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Discovering music through listening
Discovering music through listening

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Achieving close listening

A photograph of Zoltan Kodaly listening to music.
Figure 1 Zoltan Kodaly (1882–1976) listening to recordings of folk music collected during his travels.

Close listening make use of one of our senses – our ability to hear and process sound. As sound exists in time, it can be difficult to pin down what we are hearing – at the point at which we have processed the sound, it has passed. Establishing a comfortable listening environment can help us to achieve close listening by allowing us to concentrate on the sounds we hear. One way we can achieve this is listening without distraction by removing other senses:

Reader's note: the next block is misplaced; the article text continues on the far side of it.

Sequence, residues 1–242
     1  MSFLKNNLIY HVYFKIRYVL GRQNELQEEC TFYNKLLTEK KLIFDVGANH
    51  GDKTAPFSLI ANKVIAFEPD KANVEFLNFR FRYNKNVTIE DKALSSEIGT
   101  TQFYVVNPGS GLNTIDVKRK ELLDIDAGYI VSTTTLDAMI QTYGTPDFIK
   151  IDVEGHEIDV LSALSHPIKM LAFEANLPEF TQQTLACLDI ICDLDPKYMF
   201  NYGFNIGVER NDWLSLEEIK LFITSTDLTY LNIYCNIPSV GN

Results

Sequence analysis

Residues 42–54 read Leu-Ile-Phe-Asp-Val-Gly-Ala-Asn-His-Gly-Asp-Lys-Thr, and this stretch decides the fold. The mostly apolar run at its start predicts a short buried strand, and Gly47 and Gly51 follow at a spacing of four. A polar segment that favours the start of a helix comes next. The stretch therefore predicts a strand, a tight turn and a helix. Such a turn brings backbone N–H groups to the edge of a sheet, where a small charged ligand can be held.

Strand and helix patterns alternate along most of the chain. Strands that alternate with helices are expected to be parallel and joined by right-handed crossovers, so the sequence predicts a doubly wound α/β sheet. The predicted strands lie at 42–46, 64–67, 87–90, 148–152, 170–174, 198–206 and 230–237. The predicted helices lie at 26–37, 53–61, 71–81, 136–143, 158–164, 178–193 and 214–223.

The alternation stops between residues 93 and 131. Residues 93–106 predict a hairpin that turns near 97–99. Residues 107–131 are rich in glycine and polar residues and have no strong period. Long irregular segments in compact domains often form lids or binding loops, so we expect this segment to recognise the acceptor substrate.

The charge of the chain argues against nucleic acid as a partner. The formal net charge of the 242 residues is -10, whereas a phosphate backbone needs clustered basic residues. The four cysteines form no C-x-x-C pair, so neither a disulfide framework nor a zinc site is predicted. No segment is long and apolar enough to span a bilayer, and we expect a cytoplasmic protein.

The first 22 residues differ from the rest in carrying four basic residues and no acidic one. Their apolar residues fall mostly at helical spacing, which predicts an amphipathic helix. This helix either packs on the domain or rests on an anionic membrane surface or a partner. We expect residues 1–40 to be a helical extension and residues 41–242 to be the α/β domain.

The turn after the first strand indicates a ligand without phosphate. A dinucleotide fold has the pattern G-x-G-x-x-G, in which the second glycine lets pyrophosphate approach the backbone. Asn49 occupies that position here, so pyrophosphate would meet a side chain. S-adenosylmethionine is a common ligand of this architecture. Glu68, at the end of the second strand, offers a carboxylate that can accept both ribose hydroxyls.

• Auditory distractions: find a quiet place to undertake close listening; use headphones to enable you to listen closely to the sounds you hear and distinguish between them.
  • Visual distractions: close your eyes to enable you to focus on what you are hearing.

Close listening can be defined as listening with a purpose to understand how a piece of music ‘works’. This contrasts with our experience of music in other contexts, such as hearing music piped into a shop. Though we might actively listen to music in a concert hall, close listening is an analytical skill and takes active listening one step further. Close listening is a skill which requires practise and takes time to perfect. If a musical element is proving particularly illusive, take a break and return with ‘fresh ears’ to avoid frustration.

The convention of referring to track timings in minutes and seconds, for instance 04:33 for 4 minutes and 33 seconds, will be used throughout this course as concise way to guide your listening. You may find this convention referred to as a timestamp or time code.

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